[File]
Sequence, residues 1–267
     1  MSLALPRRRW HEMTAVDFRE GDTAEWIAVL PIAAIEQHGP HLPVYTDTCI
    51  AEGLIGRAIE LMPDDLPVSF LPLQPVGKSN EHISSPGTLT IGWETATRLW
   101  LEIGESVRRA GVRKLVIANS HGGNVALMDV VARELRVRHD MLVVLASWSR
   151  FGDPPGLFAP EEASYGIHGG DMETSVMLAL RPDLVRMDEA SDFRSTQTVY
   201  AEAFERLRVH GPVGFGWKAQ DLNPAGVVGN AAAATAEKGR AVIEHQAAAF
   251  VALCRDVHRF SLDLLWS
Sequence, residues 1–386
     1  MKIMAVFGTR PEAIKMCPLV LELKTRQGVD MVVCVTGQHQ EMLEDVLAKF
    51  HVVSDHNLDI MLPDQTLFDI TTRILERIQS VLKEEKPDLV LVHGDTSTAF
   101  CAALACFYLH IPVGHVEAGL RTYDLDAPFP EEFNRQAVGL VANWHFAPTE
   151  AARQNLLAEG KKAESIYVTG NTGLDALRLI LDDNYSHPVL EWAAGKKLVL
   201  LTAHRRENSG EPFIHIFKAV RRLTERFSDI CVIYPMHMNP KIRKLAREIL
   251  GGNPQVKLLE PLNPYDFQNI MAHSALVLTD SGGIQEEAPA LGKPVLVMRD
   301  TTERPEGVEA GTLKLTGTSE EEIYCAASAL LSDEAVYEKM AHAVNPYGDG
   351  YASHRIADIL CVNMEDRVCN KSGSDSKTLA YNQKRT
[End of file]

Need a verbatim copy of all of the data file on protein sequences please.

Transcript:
Sequence, residues 1–267
     1  MSLALPRRRW HEMTAVDFRE GDTAEWIAVL PIAAIEQHGP HLPVYTDTCI
    51  AEGLIGRAIE LMPDDLPVSF LPLQPVGKSN EHISSPGTLT IGWETATRLW
   101  LEIGESVRRA GVRKLVIANS HGGNVALMDV VARELRVRHD MLVVLASWSR
   151  FGDPPGLFAP EEASYGIHGG DMETSVMLAL RPDLVRMDEA SDFRSTQTVY
   201  AEAFERLRVH GPVGFGWKAQ DLNPAGVVGN AAAATAEKGR AVIEHQAAAF
   251  VALCRDVHRF SLDLLWS
Sequence, residues 1–386
     1  MKIMAVFGTR PEAIKMCPLV LELKTRQGVD MVVCVTGQHQ EMLEDVLAKF
    51  HVVSDHNLDI MLPDQTLFDI TTRILERIQS VLKEEKPDLV LVHGDTSTAF
   101  CAALACFYLH IPVGHVEAGL RTYDLDAPFP EEFNRQAVGL VANWHFAPTE
   151  AARQNLLAEG KKAESIYVTG NTGLDALRLI LDDNYSHPVL EWAAGKKLVL
   201  LTAHRRENSG EPFIHIFKAV RRLTERFSDI CVIYPMHMNP KIRKLAREIL
   251  GGNPQVKLLE PLNPYDFQNI MAHSALVLTD SGGIQEEAPA LGKPVLVMRD
   301  TTERPEGVEA GTLKLTGTSE EEIYCAASAL LSDEAVYEKM AHAVNPYGDG
   351  YASHRIADIL CVNMEDRVCN KSGSDSKTLA YNQKRT